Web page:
Riot’s New Fighting Game Project L Enters Playtesting This Weekend


by in League of Legends | Apr, 23rd 2021

Of all the Riot projects currently ongoing at the company, the one we know perhaps the least about is the upcoming fighting game, Project L. All of that could be set to change very soon as it’s been revealed that Project L is about to enter playtesting this weekend with various fighting game pros invited and set to attend.

Riot’s Doing Project L Testing Behind Closed Doors With Focus Groups


Of course, Riot has not commented on this playtesting publicly, ostensibly because they are not ready to show it off to the world just yet, but do want professional player feedback. This sort of feedback has been invaluable to companies like Capcom in the past for their fighting games, as we saw with games like Marvel vs Capcom Infinite during its development.

According to a new report from Jun Lee, these playtests will be taking place April 23 through April 25 in the LA area. Riot sent out surveys about fighting games and invited people in for an in-person playtest.

The tests will take place Friday, April 23, from 4 to 10 PM, Saturday, April 24, from 12 PM to 6 PM, and April 25, from 12–6 PM. Unfortunately, it does not sound like these tests will be streamed, nor will the footage be released from them.

This was done completely randomly, it seems, and not done with influencers or fighting game pros in mind, at least for this one. The original survey noted that playtests could be happening throughout the middle of May as well, so people that received the survey could still be invited to a future date. Given that playtests such as these are going on, Lee went on to warn viewers that fake leaks are likely to be rampant, and with Riot’s heavy NDAs, it’s unlikely that anything will leak from these playtests.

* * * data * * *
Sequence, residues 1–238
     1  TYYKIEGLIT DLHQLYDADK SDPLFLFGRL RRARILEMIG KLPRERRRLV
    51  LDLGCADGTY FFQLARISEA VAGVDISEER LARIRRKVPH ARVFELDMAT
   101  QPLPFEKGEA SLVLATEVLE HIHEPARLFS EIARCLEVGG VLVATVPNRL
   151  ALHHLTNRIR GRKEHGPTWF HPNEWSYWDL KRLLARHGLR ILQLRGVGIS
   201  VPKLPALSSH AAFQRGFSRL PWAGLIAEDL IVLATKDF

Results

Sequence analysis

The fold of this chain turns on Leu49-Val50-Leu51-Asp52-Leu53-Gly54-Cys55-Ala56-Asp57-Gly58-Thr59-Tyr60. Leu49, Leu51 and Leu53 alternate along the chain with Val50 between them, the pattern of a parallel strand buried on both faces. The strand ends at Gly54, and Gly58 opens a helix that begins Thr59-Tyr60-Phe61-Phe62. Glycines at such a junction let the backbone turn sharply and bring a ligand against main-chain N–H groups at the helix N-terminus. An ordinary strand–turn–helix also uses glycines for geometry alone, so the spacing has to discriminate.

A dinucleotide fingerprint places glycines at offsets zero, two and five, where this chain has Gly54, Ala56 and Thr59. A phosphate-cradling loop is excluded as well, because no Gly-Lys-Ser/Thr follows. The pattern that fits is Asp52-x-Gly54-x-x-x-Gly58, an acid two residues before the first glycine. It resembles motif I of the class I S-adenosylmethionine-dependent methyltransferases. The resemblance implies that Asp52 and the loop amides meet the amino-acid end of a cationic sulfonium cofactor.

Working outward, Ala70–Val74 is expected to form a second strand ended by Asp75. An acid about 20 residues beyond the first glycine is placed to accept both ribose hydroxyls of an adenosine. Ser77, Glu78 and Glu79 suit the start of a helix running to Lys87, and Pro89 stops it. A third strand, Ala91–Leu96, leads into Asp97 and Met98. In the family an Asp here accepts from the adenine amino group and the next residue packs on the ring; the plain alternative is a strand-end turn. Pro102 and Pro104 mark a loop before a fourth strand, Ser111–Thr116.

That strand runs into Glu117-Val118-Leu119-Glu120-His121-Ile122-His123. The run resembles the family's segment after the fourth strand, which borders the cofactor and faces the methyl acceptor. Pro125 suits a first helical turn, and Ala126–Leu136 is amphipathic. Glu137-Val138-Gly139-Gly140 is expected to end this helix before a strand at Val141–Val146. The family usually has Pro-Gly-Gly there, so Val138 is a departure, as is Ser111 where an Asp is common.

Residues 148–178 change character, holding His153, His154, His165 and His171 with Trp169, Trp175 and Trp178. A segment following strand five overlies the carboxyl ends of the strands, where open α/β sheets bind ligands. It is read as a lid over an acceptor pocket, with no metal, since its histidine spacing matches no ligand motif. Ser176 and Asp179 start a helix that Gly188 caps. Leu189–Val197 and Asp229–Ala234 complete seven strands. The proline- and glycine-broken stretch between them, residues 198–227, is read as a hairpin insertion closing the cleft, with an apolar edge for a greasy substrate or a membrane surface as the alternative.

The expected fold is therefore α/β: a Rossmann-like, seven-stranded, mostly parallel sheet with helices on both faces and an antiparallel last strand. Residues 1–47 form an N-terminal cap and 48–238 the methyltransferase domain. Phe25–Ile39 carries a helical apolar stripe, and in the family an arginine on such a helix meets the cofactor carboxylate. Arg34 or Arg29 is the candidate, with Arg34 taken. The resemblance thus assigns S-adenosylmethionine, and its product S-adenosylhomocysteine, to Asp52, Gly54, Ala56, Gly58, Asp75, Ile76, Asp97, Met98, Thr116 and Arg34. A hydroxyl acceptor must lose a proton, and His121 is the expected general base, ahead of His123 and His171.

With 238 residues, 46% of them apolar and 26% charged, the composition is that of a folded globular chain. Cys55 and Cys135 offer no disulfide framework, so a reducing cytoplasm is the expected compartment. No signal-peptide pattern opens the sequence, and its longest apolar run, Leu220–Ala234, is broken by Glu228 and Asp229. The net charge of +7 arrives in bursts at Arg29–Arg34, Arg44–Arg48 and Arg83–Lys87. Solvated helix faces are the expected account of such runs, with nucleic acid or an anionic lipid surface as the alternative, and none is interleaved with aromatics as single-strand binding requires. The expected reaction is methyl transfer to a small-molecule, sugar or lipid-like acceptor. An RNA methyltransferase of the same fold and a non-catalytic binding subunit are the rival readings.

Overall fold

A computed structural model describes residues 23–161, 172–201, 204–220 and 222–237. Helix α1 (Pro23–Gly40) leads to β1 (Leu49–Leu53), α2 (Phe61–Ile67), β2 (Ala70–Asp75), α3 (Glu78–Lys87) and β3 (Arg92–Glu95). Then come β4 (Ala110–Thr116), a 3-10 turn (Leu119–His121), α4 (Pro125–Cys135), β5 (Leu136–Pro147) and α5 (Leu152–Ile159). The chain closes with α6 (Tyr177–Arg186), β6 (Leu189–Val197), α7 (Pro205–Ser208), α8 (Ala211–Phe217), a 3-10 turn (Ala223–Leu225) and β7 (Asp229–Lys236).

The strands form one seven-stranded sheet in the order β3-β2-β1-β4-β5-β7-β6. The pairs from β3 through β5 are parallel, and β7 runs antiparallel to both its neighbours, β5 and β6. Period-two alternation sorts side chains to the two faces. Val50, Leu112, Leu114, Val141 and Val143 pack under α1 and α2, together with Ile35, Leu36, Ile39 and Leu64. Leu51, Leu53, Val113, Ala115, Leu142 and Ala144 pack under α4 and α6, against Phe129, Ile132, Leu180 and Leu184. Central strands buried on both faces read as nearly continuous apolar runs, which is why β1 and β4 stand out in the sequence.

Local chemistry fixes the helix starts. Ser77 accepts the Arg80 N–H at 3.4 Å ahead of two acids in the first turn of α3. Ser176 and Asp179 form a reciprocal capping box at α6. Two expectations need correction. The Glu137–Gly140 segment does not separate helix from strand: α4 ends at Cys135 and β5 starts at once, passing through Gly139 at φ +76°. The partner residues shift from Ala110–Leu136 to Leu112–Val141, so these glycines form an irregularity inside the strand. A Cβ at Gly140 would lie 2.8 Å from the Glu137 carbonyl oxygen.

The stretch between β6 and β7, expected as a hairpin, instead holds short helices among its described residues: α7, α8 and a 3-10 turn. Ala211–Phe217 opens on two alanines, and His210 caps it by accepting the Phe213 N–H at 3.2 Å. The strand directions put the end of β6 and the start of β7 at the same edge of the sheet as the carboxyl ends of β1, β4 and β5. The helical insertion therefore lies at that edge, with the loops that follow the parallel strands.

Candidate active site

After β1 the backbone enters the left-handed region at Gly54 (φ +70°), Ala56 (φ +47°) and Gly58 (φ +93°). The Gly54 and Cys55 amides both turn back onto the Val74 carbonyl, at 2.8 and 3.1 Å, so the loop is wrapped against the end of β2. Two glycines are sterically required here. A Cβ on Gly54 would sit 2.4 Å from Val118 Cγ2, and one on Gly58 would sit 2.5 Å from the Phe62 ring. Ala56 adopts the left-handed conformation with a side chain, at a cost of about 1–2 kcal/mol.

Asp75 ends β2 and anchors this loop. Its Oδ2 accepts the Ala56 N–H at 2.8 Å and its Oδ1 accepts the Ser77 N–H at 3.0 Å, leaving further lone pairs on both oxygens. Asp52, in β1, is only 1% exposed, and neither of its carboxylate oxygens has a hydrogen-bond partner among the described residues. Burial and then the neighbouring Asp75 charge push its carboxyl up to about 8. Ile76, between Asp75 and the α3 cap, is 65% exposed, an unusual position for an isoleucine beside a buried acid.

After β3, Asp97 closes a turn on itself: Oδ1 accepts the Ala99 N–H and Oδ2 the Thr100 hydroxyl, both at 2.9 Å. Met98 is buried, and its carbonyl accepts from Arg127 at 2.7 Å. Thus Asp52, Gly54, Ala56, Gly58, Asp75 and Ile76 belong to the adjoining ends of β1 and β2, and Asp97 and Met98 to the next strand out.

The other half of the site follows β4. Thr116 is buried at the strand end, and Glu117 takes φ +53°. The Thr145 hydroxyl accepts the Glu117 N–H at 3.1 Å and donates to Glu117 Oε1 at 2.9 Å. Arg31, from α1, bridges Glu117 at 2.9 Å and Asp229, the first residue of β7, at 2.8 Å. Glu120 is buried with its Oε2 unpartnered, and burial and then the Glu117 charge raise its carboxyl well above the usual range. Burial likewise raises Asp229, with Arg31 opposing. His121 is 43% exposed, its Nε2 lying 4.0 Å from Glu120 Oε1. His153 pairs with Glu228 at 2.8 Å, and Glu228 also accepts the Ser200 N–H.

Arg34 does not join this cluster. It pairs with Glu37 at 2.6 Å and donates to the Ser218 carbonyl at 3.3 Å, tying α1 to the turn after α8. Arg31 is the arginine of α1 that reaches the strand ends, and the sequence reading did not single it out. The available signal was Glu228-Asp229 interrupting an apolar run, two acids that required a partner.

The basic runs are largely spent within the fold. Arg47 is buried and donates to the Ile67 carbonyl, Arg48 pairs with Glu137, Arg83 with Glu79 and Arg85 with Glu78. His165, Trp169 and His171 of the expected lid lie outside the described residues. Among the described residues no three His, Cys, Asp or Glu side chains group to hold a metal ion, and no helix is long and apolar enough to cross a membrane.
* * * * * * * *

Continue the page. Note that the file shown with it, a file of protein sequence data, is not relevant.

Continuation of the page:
Why Is Project L so Important to the FGC?


Riot’s Project L could represent a huge paradigm shift in not only the way that fighting games are played, but it could also represent a reason for fighting game players to play on PC over consoles at long last. For far too long, the fighting game community has been somewhat limited compared to its brethren in other esports genres by the kinds of sponsors that could reasonably expect returns when funding events. Since these games were played on consoles, it shuts out an entire sector of PC sponsorship that otherwise might have helped propel the FGC to the same kinds of heights other games saw throughout the 2010s. While there was some progress made, there would have been much more bleed over if this hadn’t been the case.

It also could be the rise of the GGPO netcode system in the mainstream FGC. Riot’s fighting game division is headed up by the Cannon brothers, who created the GGPO rollback netcode system, which Fightcade runs on to this day. Given that netcode has been one of the fighting game community’s biggest concerns, as well as Riot’s efforts to streamline the way data is routed for their games across the US’ frankly embarrassing internet infrastructure, this could make for one of the smoothest online systems ever seen in a fighting game.

While developers have been somewhat keen on making rollback a priority now, as with Guilty Gear Strive, it remains to be seen whether or not the online will function better than something like a Riot fighting game.

Also, given the Cannon’s experience with Rising Thunder and creating a fighting game that’s truly accessible to casual audiences, combined with the League of Legends IP, we could see a game that rivals or even surpasses the popularity of mainstays like Street Fighter.

With this playtest now in the cards, it’s possible that we’ll see an official reveal from Riot on gameplay from Project L after they’ve had time to gather more feedback from players.

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